History GCSE / National 5: How women in Britain fought for equality in the workplace
Gemma Cairney explores the story of womens' rights in the work place and important changes such as the Equal Pay Act.
Gemma meets a one hundred-year-old woman who describes how work opportunities have changed for women over her lifetime.
In World War One and World War Two women did jobs that had traditionally been seen as men's jobs.
But women were not paid the same as men. In 1968 women working in the Ford Dagenham car factory went on strike for equal pay and to be classed as skilled workers.
Gemma meets two women who took part in the Dagenham strike.
The Equal Pay Act was passed in 1970 and Gemma asks if women today are equal at work with men.
Please note, this series was originally broadcast in 2013 and all information was correct at the time of recording. However, you will need to update your class with the latest facts. For example, there are now more female MPs than in 2013.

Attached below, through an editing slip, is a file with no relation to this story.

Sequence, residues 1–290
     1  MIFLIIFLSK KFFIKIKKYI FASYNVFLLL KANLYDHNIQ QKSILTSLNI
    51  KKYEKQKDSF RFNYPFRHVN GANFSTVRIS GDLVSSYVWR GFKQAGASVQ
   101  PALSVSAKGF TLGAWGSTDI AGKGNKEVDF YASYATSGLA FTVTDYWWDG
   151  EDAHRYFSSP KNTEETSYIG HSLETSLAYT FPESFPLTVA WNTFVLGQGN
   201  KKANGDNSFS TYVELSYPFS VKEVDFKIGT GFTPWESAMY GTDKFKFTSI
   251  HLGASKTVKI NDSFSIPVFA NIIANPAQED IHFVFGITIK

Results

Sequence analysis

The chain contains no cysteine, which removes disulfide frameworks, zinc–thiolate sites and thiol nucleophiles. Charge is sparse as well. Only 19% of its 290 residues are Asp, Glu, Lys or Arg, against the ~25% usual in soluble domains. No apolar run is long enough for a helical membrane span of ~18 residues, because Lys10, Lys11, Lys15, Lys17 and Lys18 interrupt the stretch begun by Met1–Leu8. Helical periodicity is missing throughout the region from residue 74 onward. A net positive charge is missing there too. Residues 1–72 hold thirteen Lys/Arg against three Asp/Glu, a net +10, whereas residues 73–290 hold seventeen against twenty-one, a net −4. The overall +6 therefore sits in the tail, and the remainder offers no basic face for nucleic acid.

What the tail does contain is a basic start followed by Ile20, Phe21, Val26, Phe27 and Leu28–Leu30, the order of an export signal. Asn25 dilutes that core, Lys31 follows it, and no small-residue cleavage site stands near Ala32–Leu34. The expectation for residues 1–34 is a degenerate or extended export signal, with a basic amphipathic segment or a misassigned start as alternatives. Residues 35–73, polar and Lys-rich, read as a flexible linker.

- Give students a series photographs of women over the last seventy years (including suffragettes, CND protestors, Women's Lib activists and suited businesswomen) and ask what we can deduce about these women.
- Students should then be divided into groups to research one the women in their photograph.
- Place the information gathered on a timeline of change. Students should consider how far attitudes have changed towards these women in their research.
This short film is suitable for teaching secondary history. This topic appears in OCR, Edexcel, AQA, Eduqas, WJEC KS4/GCSE in England and Wales, CCEA GCSE in Northern Ireland and SQA National 4/5 in Scotland.